Did Jesus Die On The Cross?

Discussion in 'Abrahamic Religions' started by RJM Corbet, Oct 20, 2021.

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  1. RJM Corbet

    RJM Corbet God Feeds the Ravens Admin

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    The death on the cross is central to most Christian belief.

    Mark’s Gospel states:
    At noon, darkness came over the whole land until three in the afternoon. And at three in the afternoon Jesus cried out in a loud voice, “Eloi, Eloi, lema sabachthani?” (which means “My God, my God, why have you forsaken me?”).

    When some of those standing near heard this, they said, “Listen, he’s calling Elijah.”

    Someone ran, filled a sponge with wine vinegar, put it on a staff, and offered it to Jesus to drink. “Now leave him alone. Let’s see if Elijah comes to take him down,” he said.

    With a loud cry, Jesus breathed his last.

    The curtain of the temple was torn in two from top to bottom. And when the centurion, who stood there in front of Jesus, saw how he died, he said, “Surely this man was the Son of God!”

    Some women were watching from a distance. Among them were Mary Magdalene, Mary the mother of James the younger and of Joseph, and Salome. In Galilee these women had followed him and cared for his needs. Many other women who had come up with him to Jerusalem were also there.

    It was Preparation Day (that is, the day before the Sabbath). So as evening approached, Joseph of Arimathea, a prominent member of the Council, who was himself waiting for the kingdom of God, went boldly to Pilate and asked for Jesus’ body. Pilate was surprised to hear that he was already dead. Summoning the centurion, he asked him if Jesus had already died. When he learned from the centurion that it was so, he gave the body to Joseph.
    Mark 15:33-45


    John’s gospel states:
    Near the cross of Jesus stood his mother, his mother’s sister, Mary the wife of Clopas, and Mary Magdalene. When Jesus saw his mother there, and the disciple whom he loved standing nearby, he said to her, “Woman, here is your son,” and to the disciple, “Here is your mother.” From that time on, this disciple took her into his home.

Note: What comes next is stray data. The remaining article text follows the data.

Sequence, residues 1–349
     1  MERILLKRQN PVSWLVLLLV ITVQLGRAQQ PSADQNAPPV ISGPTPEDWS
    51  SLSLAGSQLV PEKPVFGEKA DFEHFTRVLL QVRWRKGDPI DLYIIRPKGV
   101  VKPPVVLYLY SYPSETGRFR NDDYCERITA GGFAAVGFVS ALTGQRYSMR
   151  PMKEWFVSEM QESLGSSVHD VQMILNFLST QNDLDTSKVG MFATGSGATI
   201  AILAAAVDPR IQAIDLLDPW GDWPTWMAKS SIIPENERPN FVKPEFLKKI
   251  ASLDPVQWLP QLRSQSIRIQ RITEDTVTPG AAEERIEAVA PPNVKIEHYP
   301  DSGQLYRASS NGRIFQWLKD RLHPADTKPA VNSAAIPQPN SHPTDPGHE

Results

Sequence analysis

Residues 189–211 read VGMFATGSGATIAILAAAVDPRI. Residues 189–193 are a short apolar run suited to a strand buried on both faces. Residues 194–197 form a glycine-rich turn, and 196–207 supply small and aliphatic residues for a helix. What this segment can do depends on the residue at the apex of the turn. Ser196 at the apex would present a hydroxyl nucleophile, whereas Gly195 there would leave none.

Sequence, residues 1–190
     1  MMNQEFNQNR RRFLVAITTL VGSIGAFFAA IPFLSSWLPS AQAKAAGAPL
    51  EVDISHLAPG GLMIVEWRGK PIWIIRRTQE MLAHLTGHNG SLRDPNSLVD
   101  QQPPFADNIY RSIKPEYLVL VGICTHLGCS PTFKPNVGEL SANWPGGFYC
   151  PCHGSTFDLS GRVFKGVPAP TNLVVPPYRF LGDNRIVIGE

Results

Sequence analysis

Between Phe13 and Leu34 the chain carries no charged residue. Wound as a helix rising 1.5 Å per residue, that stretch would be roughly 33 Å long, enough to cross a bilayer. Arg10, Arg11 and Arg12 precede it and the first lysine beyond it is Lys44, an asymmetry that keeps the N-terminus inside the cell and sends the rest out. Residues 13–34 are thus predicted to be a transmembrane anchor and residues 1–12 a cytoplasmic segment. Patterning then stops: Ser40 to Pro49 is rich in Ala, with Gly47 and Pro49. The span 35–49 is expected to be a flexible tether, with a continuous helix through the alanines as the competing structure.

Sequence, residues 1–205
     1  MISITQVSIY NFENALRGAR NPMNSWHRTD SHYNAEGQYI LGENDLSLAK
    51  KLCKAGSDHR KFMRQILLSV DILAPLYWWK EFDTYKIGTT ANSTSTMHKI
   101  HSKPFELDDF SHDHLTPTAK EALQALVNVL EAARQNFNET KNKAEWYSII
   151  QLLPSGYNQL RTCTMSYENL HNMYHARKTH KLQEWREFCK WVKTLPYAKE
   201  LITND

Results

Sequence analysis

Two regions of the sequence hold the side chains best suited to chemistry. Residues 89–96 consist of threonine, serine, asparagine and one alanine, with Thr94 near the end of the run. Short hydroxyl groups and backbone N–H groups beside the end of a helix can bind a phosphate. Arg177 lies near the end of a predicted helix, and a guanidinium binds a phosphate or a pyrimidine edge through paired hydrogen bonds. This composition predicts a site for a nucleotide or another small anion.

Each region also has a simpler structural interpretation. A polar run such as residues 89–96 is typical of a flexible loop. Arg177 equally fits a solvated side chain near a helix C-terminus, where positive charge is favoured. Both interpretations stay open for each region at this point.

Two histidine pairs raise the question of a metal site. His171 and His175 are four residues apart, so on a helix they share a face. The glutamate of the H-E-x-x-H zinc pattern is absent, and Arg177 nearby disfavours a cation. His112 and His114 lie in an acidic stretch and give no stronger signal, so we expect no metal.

Later, knowing that everything had now been finished, and so that Scripture would be fulfilled, Jesus said, “I am thirsty.” A jar of wine vinegar was there, so they soaked a sponge in it, put the sponge on a stalk of the hyssop plant, and lifted it to Jesus’ lips. When he had received the drink, Jesus said, “It is finished.” With that, he bowed his head and gave up his spirit.

    Now it was the day of Preparation, and the next day was to be a special Sabbath. Because the Jewish leaders did not want the bodies left on the crosses during the Sabbath, they asked Pilate to have the legs broken and the bodies taken down.

    The soldiers therefore came and broke the legs of the first man who had been crucified with Jesus, and then those of the other. But when they came to Jesus and found that he was already dead, they did not break his legs. Instead, one of the soldiers pierced Jesus’ side with a spear, bringing a sudden flow of blood and water. The man who saw it has given testimony, and his testimony is true. He knows that he tells the truth, and he testifies so that you also may believe.
    John 19: 28-35

    Both Matthew and Luke basically repeat the account given in Mark’s gospel, which is believed to be the first of the three synoptic gospels:
    Matthew 27:45-61
    Luke 23:44-54


    The Quran states:
    “and as for their saying “we slew the Messiah, Jesus son of Mary, the Messenger of God” – yet they did not slay him, neither crucified him, only a likeness of that was shown to them.

    Those who are at variance concerning him surely are in doubt regarding him: they have no knowledge of him, except the following of surmise; and they slew him not of a certainty – no indeed; God raised him up to Him; God is All-mighty, All-wise.”
    (4: 156 - The Quran Interpreted – Translated by Arthur J. Arberry)

    It would appear that a person has to choose between either the Gospels or the Quran on the issue? Is there a convincing reason to choose one account over the other? Is there a middle ground?
     
    Last edited: Oct 20, 2021
  2. muhammad_isa

    muhammad_isa Save Our Souls

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    If I HAD to choose between the Bible or Qur'an, I would choose the Qur'an any day !
    However, I don't have to choose. I can try to understand what happened, and why many people believed that he died, and so subsequently Christians believed that he died.

    It doesn't stop there though, does it. From that, people expanded on him dying .. being divine, and even worshipping him instead of the One G-d, in many cases.
     
  3. RJM Corbet

    RJM Corbet God Feeds the Ravens Admin

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    Did Jesus die on the cross?

    God not hard and distant but God who takes upon himself the body of a sinless man, who suffers and dies as a man -- to take upon himself and share the suffering of man -- in order to be there for man in all his suffering. That's really what Christ is, imo ...
     
  4. wil

    wil UNeyeR1 Moderator

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    That has never been a salient argument for me. 30 years? If G!d has existed for all eternity 30 years is a hundredth of a blink of an eye?

    "What do you mean you went to earth and lived as a man? When?"